Q&A - Demi Taylor and Chris Nelson – London Surf / Film Festival
Interview - Esker
Photos - LS/FF
Demi Taylor and Chris Nelson have led incredible careers within surf, snow and skate world. From cutting edge magazines in the 90s to a best selling guide book, to authoring numerous features in surf and mainstream press, writing screenplays and of course launching one of the biggest surf film festivals in the world. We chat to them about a less than ordinary surfing life -
Can you introduce yourselves and give us some background on your journey within the surf world?
I’m a writer – in print, on line, for the screen - and the Director of the London Surf / Film Festival which I founded with my writing partner and boyfriend Chris Nelson in 2010. Chris was the founding editor of Asylum and Freeride– the UK’s first cross over surf / skate / snowboard magazines. He cut his teeth surfing the frigid reefs of North East England and interviewing counter culture’s heroes and anti heroes.
I started out doing the PR for Quiksilver in the UK so it was inevitable our paths were going to cross. When they did we quickly hatched some grand plans and set off round Europe, exploring the coastline to research our first book together – a surf and travel guide – and we never looked back
That journey through Europe for the first Footprint guide must have been epic?
That was the best of times. We bought a van and headed off on a year long odyssey exploring the Atlantic coast of Europe, travelling from the Orkney Isles to the desert south in Morocco searching out the best places to eat, sleep and surf. We saw a lot, wrote a lot, learnt a lot, laughed a lot and surfed a lot! We managed to come home and score a publishing deal that set us off on a new path. We released Surfing Europe in 2004 and have written another eight surf and travel books together.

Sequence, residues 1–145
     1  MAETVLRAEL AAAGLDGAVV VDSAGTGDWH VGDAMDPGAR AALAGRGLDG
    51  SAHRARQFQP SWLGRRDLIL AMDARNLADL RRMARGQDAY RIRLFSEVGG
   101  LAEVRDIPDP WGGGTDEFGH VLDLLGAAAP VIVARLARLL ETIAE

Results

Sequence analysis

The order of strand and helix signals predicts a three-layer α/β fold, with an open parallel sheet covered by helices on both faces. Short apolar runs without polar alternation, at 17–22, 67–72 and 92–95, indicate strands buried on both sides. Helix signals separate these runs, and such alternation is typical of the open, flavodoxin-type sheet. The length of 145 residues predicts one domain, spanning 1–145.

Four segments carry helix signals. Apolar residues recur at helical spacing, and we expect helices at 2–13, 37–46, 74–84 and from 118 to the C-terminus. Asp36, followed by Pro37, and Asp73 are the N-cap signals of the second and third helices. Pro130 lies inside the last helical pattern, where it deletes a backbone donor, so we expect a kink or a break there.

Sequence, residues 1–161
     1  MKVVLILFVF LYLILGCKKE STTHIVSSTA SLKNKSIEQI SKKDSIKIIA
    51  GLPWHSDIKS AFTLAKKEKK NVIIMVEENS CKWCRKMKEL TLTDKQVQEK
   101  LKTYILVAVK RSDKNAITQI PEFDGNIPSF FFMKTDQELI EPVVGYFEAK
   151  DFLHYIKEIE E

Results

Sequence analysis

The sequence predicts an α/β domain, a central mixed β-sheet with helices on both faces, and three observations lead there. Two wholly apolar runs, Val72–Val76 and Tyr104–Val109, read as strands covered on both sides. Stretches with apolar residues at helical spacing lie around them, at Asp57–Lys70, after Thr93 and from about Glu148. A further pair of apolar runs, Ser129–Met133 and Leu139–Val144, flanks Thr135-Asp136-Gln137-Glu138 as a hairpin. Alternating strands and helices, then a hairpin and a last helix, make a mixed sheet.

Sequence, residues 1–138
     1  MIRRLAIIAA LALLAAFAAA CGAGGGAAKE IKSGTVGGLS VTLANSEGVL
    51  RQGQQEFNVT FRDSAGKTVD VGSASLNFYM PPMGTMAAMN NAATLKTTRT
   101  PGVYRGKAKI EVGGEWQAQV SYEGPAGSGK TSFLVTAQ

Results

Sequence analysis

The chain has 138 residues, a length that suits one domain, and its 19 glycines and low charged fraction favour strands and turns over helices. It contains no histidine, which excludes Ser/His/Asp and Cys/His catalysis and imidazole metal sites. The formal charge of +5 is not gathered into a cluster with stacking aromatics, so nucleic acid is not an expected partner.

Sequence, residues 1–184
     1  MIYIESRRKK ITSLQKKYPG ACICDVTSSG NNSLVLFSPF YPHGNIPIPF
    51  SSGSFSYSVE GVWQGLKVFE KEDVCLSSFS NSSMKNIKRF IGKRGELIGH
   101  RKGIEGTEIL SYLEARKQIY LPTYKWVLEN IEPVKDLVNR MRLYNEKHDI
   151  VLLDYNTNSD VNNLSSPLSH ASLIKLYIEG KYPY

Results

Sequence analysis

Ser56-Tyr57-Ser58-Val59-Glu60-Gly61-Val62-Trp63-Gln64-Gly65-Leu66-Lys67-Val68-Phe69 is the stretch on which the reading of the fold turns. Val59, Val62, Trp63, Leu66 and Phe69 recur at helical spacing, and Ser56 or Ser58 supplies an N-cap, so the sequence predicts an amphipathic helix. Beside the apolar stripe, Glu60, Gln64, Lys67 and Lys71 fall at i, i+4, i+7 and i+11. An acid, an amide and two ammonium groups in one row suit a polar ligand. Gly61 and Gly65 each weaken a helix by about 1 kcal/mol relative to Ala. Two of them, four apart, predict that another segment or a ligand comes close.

You've both been heavily involved in print, how did the transition to curating one of the biggest surf film festivals occur?
The London Surf/Film Festival was born where all the best ideas come to life, round the kitchen table. We realised there wasn’t an event that celebrated the creativity and surf community we have here in the UK. We’ve both been writing about surfing in some capacity for the last 20 years. As journalists, editors and publicists we were already speaking to a lot of great surfers, filmmakers, photographers, makers & doers about their projects, so it was a natural progression to bring those creatives together and provide a live platform for them… about 6 months later in 2011 LS/FF was born. Keith Malloy brought Come Hell or High Water to the first event and we were off. This year we had Rob Machado present the premiere of the much anticipated Momentum Generation at the festival, multi award winning filmmaker Andrew Kaineder came to host the world premiere of his latest movie Beyond the Noise and we were delighted to premiere The Sea Empowers the debut film from Lucy Jane and Joya Berrow which explores surfing as a tool for social change. We showcased these alongside a hand picked selection of incredible features and shorts from across the globe.
How did you end up going from curating a film festival to actually script writing a series of films for Red Bull?
We’re writers and cinephiles; we’ve always loved the multi dimensional way of telling a story through film, so screen writing was just a natural step. Peter Hamblin (multi-award winning Director of Let’s Be Frank) approached Chris and I to write The Ripple Effect a documentary series he was producing that explores the lives and achievements of some of youth culture’s most influential icons – from the founders of Atari, Moog and Wired Magazine to game changers like Bob Hurley and lowbrow artist Robert Williams. It’s an honour to tell people’s stories and it’s been great putting all that Netflix time to good use! We’ve worked with Peter on a number of really great projects over the years – the Jack O’Neill tribute is of course a stand out, and we have some pretty exiting things in the pipeline together.